The coolest guys at Pulau Jang school!
I almost feel guilty about sharing this. There is a part of Indonesia that is unspoilt, with beautiful beaches, patches of dense forest, skies in which you can see the stars and friendly local people with a relaxed attitude to the very few tourists that come here.
Would we want it to become the next Bali or Phuket? Despite my raving about it, I don’t think a blog post is likely to make that happen. Continue reading
Welcome aboard, madam.
Fairfax Media recently published my article on our fabulous trip on the train rated the world’s most luxurious. So now here on the blog is the full story on our envy-breeding adventure… Continue reading
Saltaire gets the colourful Hockney treatment.
Build a smart new museum and someone will complain that it lacks soul. Convert an old industrial site to a cultural facility and it immediately becomes a cool place.
Salt’s Mill was the thriving hub of Bradford’s booming textile industry in the 19th century. Now it’s an art centre, boasting the world’s largest permanent collection of work by Bradford-born and Yorkshire-resident David Hockney.
Thanks to what is turning out to be an inspired home exchange, Mevrouw T and I are spending the Easter break in Saltaire, West Yorkshire. Continue reading
Despite all the interesting learning experiences on offer at Telunas, the kids invariably have one highlight – jumping off the deck. It often makes the best shot too.
While the writers’ camp at Telunas Beach is supposed to be all about words, for me it’s about pictures too.
I’d bought a new camera lens and this was its first outing. It’s an ‘all-in-one’ Tamron 18-270mm, so naturally there are compromises of image quality at both ends of the range, though on the whole I found it did the job. The advantage of the big zoom is that I could get close to people without making them too aware they were in shot, thus getting a little more spontaneity.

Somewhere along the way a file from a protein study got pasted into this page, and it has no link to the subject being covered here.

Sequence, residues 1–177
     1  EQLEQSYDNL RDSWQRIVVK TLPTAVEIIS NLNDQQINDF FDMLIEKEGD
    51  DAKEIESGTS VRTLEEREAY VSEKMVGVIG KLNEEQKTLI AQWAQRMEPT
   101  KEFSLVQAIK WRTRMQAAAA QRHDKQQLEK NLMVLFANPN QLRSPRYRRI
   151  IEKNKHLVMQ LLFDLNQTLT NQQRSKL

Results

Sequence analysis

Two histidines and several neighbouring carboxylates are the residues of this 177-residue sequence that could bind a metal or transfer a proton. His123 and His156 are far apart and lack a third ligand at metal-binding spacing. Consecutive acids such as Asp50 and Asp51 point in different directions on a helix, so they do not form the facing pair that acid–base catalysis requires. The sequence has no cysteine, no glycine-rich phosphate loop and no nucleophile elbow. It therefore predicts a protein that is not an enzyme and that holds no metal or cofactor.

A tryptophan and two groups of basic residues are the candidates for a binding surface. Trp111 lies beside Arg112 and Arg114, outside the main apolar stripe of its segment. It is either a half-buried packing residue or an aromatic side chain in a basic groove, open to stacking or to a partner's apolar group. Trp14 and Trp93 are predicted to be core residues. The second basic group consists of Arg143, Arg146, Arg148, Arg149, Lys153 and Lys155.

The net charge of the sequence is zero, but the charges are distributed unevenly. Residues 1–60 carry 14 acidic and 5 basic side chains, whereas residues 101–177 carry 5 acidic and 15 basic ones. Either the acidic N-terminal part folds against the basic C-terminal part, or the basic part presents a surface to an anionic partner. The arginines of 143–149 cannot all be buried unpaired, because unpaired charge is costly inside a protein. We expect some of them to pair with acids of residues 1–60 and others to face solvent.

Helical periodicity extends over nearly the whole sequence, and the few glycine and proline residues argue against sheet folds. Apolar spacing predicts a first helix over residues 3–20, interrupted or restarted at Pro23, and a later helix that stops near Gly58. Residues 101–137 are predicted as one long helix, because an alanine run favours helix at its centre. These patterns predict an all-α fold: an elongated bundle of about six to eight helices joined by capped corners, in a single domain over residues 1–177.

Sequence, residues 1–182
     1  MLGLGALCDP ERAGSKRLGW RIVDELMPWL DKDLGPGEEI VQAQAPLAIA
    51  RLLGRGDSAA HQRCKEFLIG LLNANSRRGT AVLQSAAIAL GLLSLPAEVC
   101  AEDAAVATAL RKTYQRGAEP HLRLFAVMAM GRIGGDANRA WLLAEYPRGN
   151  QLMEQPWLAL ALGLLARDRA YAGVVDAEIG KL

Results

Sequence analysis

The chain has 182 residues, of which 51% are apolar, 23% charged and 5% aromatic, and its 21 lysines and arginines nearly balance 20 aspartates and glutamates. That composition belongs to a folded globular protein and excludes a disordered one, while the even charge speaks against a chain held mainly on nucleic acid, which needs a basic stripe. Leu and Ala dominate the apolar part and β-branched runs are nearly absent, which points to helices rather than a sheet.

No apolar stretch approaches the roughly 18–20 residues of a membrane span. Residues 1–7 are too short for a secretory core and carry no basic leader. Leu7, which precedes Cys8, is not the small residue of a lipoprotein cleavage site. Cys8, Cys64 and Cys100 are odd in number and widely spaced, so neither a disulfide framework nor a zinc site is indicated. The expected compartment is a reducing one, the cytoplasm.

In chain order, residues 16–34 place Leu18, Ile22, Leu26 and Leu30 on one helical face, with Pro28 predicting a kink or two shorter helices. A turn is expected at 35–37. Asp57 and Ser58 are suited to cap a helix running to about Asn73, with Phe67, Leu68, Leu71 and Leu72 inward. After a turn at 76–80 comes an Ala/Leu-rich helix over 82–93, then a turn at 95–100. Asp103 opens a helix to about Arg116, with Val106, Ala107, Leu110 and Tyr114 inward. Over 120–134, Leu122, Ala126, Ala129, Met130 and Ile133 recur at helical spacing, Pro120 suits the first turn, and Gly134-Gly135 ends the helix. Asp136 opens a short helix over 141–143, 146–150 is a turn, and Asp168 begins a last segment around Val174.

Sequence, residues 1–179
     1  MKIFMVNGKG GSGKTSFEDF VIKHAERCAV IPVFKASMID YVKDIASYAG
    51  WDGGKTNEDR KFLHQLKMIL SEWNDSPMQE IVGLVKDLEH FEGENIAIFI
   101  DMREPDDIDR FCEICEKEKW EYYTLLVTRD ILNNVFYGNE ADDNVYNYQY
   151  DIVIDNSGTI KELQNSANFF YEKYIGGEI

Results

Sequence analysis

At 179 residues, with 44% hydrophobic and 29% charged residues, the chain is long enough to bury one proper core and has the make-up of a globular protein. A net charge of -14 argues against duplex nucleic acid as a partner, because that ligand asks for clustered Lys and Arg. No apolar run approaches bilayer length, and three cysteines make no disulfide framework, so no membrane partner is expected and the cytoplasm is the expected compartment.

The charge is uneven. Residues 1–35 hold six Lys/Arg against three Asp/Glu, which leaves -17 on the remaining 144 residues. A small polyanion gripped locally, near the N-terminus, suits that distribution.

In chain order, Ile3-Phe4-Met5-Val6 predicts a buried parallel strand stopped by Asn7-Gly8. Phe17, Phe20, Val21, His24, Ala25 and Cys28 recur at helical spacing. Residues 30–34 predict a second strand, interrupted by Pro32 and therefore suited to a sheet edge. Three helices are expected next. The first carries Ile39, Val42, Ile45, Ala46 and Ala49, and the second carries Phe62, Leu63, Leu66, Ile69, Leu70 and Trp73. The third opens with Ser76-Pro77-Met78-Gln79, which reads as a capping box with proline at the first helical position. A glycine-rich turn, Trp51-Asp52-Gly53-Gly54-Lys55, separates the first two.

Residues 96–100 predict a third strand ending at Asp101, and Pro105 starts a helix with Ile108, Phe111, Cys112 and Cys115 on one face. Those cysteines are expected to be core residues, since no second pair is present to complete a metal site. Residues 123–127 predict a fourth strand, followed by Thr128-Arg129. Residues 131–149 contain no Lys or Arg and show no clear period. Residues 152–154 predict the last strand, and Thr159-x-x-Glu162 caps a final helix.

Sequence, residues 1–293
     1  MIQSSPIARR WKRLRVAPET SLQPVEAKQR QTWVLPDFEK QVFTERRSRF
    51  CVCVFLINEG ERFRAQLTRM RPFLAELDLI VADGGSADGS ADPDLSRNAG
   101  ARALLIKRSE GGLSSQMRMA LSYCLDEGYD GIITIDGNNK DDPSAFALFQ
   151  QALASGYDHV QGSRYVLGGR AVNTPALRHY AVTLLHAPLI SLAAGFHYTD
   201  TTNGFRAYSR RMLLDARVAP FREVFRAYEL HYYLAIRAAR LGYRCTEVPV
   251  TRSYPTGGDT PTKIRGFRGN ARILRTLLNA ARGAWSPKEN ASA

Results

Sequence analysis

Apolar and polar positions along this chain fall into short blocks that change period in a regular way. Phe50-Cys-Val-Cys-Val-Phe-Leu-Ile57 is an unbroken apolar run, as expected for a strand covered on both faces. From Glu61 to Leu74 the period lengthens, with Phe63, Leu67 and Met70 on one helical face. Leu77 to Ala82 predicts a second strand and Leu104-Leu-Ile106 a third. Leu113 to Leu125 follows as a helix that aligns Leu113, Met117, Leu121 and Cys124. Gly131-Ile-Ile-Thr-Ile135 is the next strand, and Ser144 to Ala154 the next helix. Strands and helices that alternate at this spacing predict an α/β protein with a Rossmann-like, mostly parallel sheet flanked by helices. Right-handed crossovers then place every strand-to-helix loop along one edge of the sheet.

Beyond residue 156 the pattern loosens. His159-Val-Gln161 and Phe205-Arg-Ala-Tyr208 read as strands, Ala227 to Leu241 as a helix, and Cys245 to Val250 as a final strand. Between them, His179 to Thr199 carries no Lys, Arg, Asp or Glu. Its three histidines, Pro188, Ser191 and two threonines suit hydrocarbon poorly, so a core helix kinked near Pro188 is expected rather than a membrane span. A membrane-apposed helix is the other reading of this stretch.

And in Indonesia’s lovely Riau Islands, there is always something worth pointing the camera at. Continue reading
We don’t speak Bahasa, you don’t speak English, but we can all learn handgames.
Not many people visit Pulau Jaga, Indonesia. It isn’t easy to find. Google Maps doesn’t even name it. ‘Did you mean “Java, Indonesia”?’ says the Google search engine, trying as ever to be helpful.
No, I did mean Jaga, an island in the Riau Archipelago, two and a half hours by boat south of Singapore. Jaga is some 2.5km long and 500m across, home to perhaps 90 families, most of them supported by fishing. There are no hotels, no restaurants, no roads and no cars. There is a school, however, and we were invited to visit it. It was a privilege and a pleasure. Continue reading
At first I thought, ‘Damn! Look at that reflection.’ Then I reflected further…
It’s been a while since I entered the Weekly Photo Challenge, and this week’s topic ‘SELFIE’ wasn’t immediately appealing. I hadn’t heard the word until a few months ago. Then I decided perhaps I did have something to offer…
On our recent luxury train trip through India on the Maharajas Express we often found ourselves staring through the tinted glass as Real India, non-airconditioned India, slid past.
This shot, which had been consigned to the ‘reject file’ seemed to capture the spirit – fascination with what we were seeing, tinged with a little guilt that we were so insulated from it.
The writer was the guest of Railbookers. See www.railbookers.com.au
The Merricks-Red Hill trail. Nothing to write home about, fortunately.
Trust Confucius to put it in a nutshell: ‘Choose a job you love and you will never have to work a day in your life.’
That’s all very well for him to say. Chinese labourers swarming round him, slaving themselves towards an early grave, while he sat under a shady tree thinking up a few quotes. I bet he had days he couldn’t even be bothered being pithy and original. And he fell back on the same old lazy start to every sentence: ‘Confucius say…’
By Mr Confucius’ reasoning, most of a writer’s life is a holiday, and so it must appear to those who do jobs that actually need to be done. In vain do I grumble to friends about producers breathing gently down my neck while deadlines loom (or ‘whoosh by’, to quote Douglas Adams). There’s little sympathy for a writer from people whose work actually matters.
But there’s a flip side to my relaxing chosen career; in recent years most of my holidays have been taken for purposes of writing about them, either for money or in a pathetic attempt to attract blog hits. In other words, they have been work. But not this time. Continue reading